One resident of the housing opposite The Heights plot was unaware of the scheme when The Charlton Champion visited the site on Wednesday. When told what the council was planning, she responded: “What? But we need that for our car parking!”

Last October, Greenwich councillors approved plans to build 37 new homes at nearby Fred Styles House, on Charlton Church Lane, a scheme that was later switched to Meridian Home Start.

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Council backs amended plans for Charlton riverside

On Monday night Greenwich Council’s cabinet agreed to adopt the masterplan for Charlton riverside.

This follows a four week period of consultation and a new document being drafted after responses from the public.

The main differences to this new version are the following:

1) The designated area now encompasses Charlton station.

2) A firmer commitment to downgrade Woolwich Road.

3) A mention of a green bridge as one option for a crossing at the eastern section of Woolwich Road.

4)  A nod towards enhancing Charlton railway station and improving its connections with other modes of transport.

5) The idea for a marina has changed to “leisure activities on the waterfront” due to concerns from the Port of London Authority that it would interfere with other river uses.

6) There’s a sentence added that calls for a limiting of retail uses in Charlton “to support the aspirations of Woolwich becoming a metropolitan centre”, which possibly came after pressure from investment vehicle Powis Street Estates who own buildings in the heart of the town. A council officer at the meeting stated that any new planning applications for the retail park would have to fulfill impact assessments so as not to take trade away from Woolwich.

Residents also addressed the cabinet at the meeting. Some representing local groups such as CRAG, the Charlton Society and the Westcombe Society. Each underlined the main themes from their formal responses. There were calls for Charlton to be seen as a whole and for residents and businesses to be involved as much as possible. The traversing of Woolwich Road was highlighted as key as well as improving our streetscapes.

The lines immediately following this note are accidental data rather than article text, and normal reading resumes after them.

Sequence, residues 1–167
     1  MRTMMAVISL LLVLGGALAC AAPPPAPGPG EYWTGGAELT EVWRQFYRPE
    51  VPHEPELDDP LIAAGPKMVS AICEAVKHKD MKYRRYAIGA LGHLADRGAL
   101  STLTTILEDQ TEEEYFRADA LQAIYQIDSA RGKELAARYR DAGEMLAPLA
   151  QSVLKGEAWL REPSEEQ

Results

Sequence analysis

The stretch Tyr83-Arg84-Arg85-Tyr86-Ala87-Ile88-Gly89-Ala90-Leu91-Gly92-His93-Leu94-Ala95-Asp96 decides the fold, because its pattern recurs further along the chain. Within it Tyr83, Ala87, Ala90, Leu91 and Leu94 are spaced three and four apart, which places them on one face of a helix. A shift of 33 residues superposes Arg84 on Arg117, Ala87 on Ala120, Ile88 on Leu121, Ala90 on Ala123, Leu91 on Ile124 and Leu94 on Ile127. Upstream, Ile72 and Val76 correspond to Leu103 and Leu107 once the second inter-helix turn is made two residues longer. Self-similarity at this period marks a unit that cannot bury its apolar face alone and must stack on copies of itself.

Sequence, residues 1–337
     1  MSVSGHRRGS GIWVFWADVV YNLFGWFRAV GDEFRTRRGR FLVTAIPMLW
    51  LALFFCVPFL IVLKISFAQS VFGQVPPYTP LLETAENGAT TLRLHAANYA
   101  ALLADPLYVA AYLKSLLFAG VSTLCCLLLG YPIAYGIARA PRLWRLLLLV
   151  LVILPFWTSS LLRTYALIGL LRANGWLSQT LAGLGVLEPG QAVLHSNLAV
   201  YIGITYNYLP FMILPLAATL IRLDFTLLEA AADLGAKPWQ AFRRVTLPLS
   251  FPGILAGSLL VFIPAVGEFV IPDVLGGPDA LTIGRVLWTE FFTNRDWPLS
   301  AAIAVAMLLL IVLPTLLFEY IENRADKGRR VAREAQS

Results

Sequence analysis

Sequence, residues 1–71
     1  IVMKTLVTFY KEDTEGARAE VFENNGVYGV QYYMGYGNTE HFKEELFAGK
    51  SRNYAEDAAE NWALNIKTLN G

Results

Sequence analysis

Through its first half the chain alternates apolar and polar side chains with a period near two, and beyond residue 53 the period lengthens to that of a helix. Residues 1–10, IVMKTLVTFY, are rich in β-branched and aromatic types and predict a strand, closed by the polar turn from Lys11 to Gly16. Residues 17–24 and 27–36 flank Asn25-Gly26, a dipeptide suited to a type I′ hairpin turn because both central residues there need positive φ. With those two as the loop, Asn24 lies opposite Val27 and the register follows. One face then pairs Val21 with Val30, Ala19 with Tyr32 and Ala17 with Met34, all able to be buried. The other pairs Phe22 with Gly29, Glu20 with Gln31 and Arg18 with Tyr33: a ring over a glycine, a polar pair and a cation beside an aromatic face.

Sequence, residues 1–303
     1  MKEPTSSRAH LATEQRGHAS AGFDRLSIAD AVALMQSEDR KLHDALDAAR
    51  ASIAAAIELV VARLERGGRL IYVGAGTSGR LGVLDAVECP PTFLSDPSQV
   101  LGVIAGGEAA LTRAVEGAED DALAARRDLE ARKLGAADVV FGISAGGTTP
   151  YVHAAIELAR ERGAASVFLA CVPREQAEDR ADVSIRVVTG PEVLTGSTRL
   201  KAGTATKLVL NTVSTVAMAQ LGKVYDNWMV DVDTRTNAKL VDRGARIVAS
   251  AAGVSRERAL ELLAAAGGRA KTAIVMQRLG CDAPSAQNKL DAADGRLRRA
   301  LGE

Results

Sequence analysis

Charlton Champion reader Ashleigh Marsh also raised the point that blogs (like this one) should form part of the consultation process, or at least noted.

Before the meeting a crowd had gathered outside Woolwich Town Hall protesting at the potential loss of businesses and the poor consultation. On further investigation it’s believed that this lobby group were actually the Christ Faith Tabernacle Church. They’ve recently been in the news with their battle to take over the former Gala Bingo building in Woolwich – something Woolwich’s masterplan conflicts directly with. Why they weren’t more up front with their intentions is beyond me, but it might have something to do with council statistics showing only 10% of these objectors live within the borough.

It’s probably best not to get too carried away and come back to what a supplementary planning document actually is. My own knowledge tells me that it will complement the overall plan for the borough. It will add to a “core strategy” and will be taken into consideration in future planning applications.

This point was reiterated by councillors and officers on Monday night. Council leader Chris Roberts added:

“Changes won’t necessarily happen overnight, next week or next year. This is a think-through as to what might happen when traditional industry moves on.”

I’m guessing the next step will be to confirm the actual core strategy.

Keep your eyes peeled for another consultation period.